Immersive Arts


Walking down Chicago’s Michigan Avenue the other day I came across advertisement after advertisement for immersive experiences, including The King Tut Immersive Experience, The Prince Experience, The Van Gogh Immersive, The Harry Potter Immersive Experience and so on. The one that caught my eye and made me think of my own classical world was The Immersive Nutcracker.

While many symphony and ballet organizations rely on yearly Nutcrackers to bring in families to the theaters, this new immersive experience seemed to be a direct threat. I posted this thought on Facebook a while back and was quickly dismissed by people saying things like, “The live experience can’t be replaced,” and “Families will still keep their traditions by going to the ballet versions.”

While there is merit in acknowledging that live music and ballet is transcendent, it must be acknowledged that people are seeking entertainment in a variety of forms and prices. In other words, this is competition for new ticket buyers and old, alike.

Many poo-poo these experiences, criticizing the watered-down artistic impact or cheapened commercial appeal. Yet, having gone to and enjoyed one of these immersive experiences myself, I think we need to re-evaluate a few things before we continue to criticize.

First, these immersive experiences open a gateway into an art form that for decades and centuries the general population hasn’t necessarily felt welcomed or had easy access to. Experiences create an interest which leads to curiosity and, if played correctly, leads to furthering that interest into a passion.

Second, traditional arts organizations should acknowledge the trend and the impact of this competition. Additionally, they should allow this to invigorate them, not threaten them. It forces a re-evaluation of how a performance effects and impacts the public.

The scary side of this could be that traditional organizations may not have the funds or resources to up their own game. But that shouldn’t stop them from finding creative solutions. It all boils down to how the experience of a performance feels to the ticket buyer. An organization will be on track if buyers feel:

  • Invited
  • Welcomed
  • Involved and included
  • Valued

Organizations who turn their noses up at immersive experiences make me think there is either an air of snobbery or a defensive reaction. Neither perspective is about the potential patrons, but about cloistered individuals.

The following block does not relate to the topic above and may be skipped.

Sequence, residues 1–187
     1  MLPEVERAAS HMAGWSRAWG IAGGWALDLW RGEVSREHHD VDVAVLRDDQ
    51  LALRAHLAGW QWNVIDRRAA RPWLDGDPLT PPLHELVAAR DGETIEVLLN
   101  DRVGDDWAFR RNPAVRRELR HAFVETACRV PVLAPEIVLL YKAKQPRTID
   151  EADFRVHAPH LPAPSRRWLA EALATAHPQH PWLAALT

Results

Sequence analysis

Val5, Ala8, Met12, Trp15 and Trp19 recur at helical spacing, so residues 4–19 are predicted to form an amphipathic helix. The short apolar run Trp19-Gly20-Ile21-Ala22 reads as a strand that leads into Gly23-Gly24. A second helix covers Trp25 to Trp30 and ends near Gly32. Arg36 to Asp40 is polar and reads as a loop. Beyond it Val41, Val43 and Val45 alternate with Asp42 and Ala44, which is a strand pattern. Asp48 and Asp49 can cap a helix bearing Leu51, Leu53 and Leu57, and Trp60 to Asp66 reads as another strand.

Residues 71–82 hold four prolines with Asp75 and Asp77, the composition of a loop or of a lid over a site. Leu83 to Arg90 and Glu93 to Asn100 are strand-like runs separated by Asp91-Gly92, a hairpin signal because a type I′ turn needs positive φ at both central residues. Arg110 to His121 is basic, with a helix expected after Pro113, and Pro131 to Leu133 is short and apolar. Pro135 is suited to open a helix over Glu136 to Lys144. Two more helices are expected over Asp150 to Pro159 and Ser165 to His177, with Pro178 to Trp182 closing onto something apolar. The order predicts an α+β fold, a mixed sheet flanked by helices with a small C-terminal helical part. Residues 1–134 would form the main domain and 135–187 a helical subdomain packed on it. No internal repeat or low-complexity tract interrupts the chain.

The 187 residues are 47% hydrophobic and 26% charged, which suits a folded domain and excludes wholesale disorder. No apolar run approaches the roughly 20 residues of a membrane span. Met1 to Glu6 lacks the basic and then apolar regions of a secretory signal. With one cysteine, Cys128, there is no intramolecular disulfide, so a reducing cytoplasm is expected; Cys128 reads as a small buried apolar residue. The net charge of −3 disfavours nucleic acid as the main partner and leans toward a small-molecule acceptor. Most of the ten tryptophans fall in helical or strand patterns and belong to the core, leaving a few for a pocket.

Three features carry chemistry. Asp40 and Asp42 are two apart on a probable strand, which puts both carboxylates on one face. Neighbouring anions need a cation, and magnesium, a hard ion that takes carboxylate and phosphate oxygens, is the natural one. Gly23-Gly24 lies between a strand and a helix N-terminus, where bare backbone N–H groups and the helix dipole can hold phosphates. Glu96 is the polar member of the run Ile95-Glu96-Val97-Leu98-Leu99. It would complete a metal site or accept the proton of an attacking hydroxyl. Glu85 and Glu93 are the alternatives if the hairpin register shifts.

There have been a few good examples of orchestras exploring the immersive experiences. The Curtis Institute offered an Immersive Scheherazade this year. But the best example of immersive experience given by an orchestra was the live performance by Aurora Orchestra who performed Berlioz’s Symphony Fantastic in Royal Albert Hall. I highly recommend checking this performance and noticing the details that make this production work:

  • Lighting and focus
  • Staging
  • Pacing and flow
  • Story telling
  • Commitment from all the performers

It’s a 90-minute deep dive into this wonderful symphonic work, but done in a way that gives the novice symphony goer an immediate grasp while feeling welcome to do so.

I’m not suggesting that every orchestra copy this exactly, but I am suggesting that orchestras think about the way they are presenting their live concerts. Are they focusing on how things have always been done, or are they acknowledging we have an incredible opportunity to interpret and cultivate art with today’s entertainment trends while maintaining organizations mission statements.

About Holly Mulcahy

After hearing Scheherazade at an early age, Holly Mulcahy fell in love with the violin and knew it would be her future. She currently serves as concertmaster of the Wichita Symphony Orchestra. She spends her summers at the celebrated Grand Teton Music Festival. Believing in music as a healing and coping source, Holly founded Arts Capacity, a charitable 501(c)3 which focuses on bringing live chamber music, art, artists, and composers to prisons. Arts Capacity addresses many emotional and character-building issues people face as they prepare for release into society. Holly performs on a 1917 Giovanni Cavani violin, previously owned by the late renowned soloist Eugene Fodor, and a bespoke bow made by award winning master bow maker, Douglas Raguse.

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1 thought on “Immersive Arts”

  1. I noticed that every year more and more people are interested in the subject of classical music. But unfortunately very often only online. Therefore, any such information helps to revive interest in real concerts.


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